Binding Light In New Form Of Matter – Lightsaber Anyone?

Could physical objects one day be created from molecules of light? Image credit:

A new form of matter has been created as scientists get photons to bind together to form molecules.

Below one of the research leaders, Harvard Professor of Physics Mikhail Lukin, explains this phenomenon further.The ability of light to act in this way has long been theorised, but until now, this ‘photonic bound state’ had not been observed.

"Most of the properties of light we know about originate from the fact that photons are massless, and that they do not interact with each other. What we have done is create a special type of medium in which photons interact with each other so strongly that they begin to act as though they have mass, and they bind together to form molecules.

Getting photons to bind together in this way is not easy. The scientists from Harvard and MIT first had to use lasers to cool a cloud of rubidium atoms to just above absolute zero (around 273oC) under vacuum conditions.

Then the team fired single photons into the atoms, which pass energy to the surrounding atoms along their trajectory, before exiting the cloud. Lukin explains:

"When the photon exits the medium, its identity is preserved. It's the same effect we see with refraction of light in a water glass. The light enters the water, it hands off part of its energy to the medium, and inside it exists as light and matter coupled together, but when it exits, it's still light. The process that takes place is the same it's just a bit more extreme – the light is slowed considerably, and a lot more energy is given away than during refraction."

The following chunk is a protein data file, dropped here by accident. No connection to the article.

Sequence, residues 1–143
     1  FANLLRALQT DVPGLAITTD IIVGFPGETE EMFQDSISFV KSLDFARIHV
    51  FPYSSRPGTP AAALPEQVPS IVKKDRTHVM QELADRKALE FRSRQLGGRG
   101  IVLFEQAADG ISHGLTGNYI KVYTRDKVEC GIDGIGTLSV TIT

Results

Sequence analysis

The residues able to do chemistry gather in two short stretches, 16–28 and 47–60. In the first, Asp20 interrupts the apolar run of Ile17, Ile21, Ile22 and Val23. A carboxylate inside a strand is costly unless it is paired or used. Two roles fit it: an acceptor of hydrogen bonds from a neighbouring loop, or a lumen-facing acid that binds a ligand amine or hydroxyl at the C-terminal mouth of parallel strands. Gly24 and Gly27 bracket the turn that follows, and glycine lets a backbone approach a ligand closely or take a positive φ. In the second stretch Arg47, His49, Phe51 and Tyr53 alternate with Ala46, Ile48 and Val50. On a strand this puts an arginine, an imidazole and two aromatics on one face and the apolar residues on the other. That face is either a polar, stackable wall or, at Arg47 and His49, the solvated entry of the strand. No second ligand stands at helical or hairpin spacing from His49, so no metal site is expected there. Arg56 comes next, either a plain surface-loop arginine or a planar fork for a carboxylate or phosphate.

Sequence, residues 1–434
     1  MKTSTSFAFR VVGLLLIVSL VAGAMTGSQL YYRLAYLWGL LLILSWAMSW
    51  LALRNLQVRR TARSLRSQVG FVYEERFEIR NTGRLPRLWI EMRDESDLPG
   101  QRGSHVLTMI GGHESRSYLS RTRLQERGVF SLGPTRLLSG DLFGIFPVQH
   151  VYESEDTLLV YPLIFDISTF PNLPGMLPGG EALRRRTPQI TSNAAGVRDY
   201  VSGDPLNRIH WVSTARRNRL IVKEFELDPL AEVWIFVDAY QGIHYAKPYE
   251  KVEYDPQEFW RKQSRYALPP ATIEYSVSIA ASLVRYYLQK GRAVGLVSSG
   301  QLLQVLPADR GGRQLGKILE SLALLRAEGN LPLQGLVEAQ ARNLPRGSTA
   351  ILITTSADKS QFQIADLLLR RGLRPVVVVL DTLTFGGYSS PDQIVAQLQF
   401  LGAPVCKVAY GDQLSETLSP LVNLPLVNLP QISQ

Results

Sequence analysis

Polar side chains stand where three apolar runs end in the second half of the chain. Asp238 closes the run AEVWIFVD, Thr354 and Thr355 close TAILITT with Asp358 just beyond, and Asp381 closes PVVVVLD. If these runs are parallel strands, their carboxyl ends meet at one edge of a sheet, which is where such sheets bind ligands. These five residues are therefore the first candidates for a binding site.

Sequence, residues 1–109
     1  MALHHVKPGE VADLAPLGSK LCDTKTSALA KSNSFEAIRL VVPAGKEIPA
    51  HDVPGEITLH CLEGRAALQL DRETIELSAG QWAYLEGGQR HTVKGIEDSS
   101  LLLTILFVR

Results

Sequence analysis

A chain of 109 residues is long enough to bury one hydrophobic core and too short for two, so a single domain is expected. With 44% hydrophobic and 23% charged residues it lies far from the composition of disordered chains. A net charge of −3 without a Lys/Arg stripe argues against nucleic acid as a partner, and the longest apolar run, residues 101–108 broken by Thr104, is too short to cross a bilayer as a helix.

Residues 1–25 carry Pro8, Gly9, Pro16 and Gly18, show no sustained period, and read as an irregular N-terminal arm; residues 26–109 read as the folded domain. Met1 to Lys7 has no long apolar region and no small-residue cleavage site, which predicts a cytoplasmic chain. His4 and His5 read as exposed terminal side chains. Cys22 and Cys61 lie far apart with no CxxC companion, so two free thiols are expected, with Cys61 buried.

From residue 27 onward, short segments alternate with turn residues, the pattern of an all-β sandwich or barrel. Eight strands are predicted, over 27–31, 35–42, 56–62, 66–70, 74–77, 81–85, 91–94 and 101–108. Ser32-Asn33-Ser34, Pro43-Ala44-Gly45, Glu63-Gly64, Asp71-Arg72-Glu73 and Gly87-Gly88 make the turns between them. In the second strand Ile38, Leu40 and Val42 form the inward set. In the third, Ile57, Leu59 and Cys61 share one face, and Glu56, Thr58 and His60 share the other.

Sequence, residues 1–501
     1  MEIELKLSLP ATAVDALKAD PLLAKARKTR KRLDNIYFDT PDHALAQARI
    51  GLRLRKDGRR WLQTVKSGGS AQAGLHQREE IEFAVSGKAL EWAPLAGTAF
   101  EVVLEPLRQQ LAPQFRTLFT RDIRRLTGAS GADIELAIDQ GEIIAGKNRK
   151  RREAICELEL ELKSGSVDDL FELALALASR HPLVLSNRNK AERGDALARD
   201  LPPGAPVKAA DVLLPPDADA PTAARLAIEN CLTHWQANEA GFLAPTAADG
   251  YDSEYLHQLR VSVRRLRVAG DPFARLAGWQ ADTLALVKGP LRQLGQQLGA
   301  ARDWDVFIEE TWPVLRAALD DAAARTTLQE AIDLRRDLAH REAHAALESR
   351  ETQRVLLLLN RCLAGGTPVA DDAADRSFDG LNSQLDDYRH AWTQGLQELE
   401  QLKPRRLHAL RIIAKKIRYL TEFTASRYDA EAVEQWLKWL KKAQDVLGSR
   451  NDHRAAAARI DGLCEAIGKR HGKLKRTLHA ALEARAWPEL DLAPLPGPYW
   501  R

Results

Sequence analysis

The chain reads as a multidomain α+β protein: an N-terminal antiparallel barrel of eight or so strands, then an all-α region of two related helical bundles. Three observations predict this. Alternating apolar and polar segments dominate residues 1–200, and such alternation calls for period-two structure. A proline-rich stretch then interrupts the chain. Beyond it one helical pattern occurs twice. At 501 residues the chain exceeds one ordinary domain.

However, when two photons are fired into the cloud together, something astounding happens – the photons leave the cloud together as a single molecule.

The reason for this binding lies in the Rydberg blockade – an effect that in practise means that the two photons push and pull each other through the cloud, because the first photon must move forward before the second can excite any nearby atoms.

The new matter is drawing many comparisons to the ‘lightsabers’ of Star Wars fame, but what are the practical applications of the new discovery?

Though commercialisation may be a metaphorical light-year away, it seems that quantum computing may benefit most from the discovery, as well as power dissipation applications in conventional computer chips.

However, the researchers have intimated it is possible that one day, entire crystal structures could be composed of light molecules created in this way. So the idea of a true lightsaber may not be too far, far away after all.

"It's not an in-apt analogy to compare this to light sabers" - Mikhail Lukin


Original source: Harvard University

G.P. Thomas

Written by

G.P. Thomas

Gary graduated from the University of Manchester with a first-class honours degree in Geochemistry and a Masters in Earth Sciences. After working in the Australian mining industry, Gary decided to hang up his geology boots and turn his hand to writing. When he isn't developing topical and informative content, Gary can usually be found playing his beloved guitar, or watching Aston Villa FC snatch defeat from the jaws of victory.


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